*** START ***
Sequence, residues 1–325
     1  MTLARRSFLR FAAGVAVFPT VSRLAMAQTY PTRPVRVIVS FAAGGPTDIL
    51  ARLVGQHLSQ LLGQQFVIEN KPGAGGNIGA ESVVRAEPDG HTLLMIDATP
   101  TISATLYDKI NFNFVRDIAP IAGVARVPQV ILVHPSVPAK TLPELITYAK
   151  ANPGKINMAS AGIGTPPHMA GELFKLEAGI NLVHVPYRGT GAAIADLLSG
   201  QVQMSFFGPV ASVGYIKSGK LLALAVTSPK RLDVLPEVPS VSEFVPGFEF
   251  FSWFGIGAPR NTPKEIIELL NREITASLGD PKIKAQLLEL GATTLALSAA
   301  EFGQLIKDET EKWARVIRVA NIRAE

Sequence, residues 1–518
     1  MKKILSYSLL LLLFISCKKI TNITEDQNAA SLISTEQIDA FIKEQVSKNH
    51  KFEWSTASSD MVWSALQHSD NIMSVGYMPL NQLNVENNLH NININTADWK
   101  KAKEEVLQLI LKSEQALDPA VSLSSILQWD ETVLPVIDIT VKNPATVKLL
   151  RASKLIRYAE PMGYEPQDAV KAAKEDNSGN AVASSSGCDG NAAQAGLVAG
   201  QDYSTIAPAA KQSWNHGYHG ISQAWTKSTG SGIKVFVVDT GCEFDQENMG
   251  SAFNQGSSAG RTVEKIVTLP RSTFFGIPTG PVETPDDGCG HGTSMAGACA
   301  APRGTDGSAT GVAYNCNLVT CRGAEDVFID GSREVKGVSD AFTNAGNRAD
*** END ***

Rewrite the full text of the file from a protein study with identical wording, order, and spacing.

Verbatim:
Sequence, residues 1–325
     1  MTLARRSFLR FAAGVAVFPT VSRLAMAQTY PTRPVRVIVS FAAGGPTDIL
    51  ARLVGQHLSQ LLGQQFVIEN KPGAGGNIGA ESVVRAEPDG HTLLMIDATP
   101  TISATLYDKI NFNFVRDIAP IAGVARVPQV ILVHPSVPAK TLPELITYAK
   151  ANPGKINMAS AGIGTPPHMA GELFKLEAGI NLVHVPYRGT GAAIADLLSG
   201  QVQMSFFGPV ASVGYIKSGK LLALAVTSPK RLDVLPEVPS VSEFVPGFEF
   251  FSWFGIGAPR NTPKEIIELL NREITASLGD PKIKAQLLEL GATTLALSAA
   301  EFGQLIKDET EKWARVIRVA NIRAE

Sequence, residues 1–518
     1  MKKILSYSLL LLLFISCKKI TNITEDQNAA SLISTEQIDA FIKEQVSKNH
    51  KFEWSTASSD MVWSALQHSD NIMSVGYMPL NQLNVENNLH NININTADWK
   101  KAKEEVLQLI LKSEQALDPA VSLSSILQWD ETVLPVIDIT VKNPATVKLL
   151  RASKLIRYAE PMGYEPQDAV KAAKEDNSGN AVASSSGCDG NAAQAGLVAG
   201  QDYSTIAPAA KQSWNHGYHG ISQAWTKSTG SGIKVFVVDT GCEFDQENMG
   251  SAFNQGSSAG RTVEKIVTLP RSTFFGIPTG PVETPDDGCG HGTSMAGACA
   301  APRGTDGSAT GVAYNCNLVT CRGAEDVFID GSREVKGVSD AFTNAGNRAD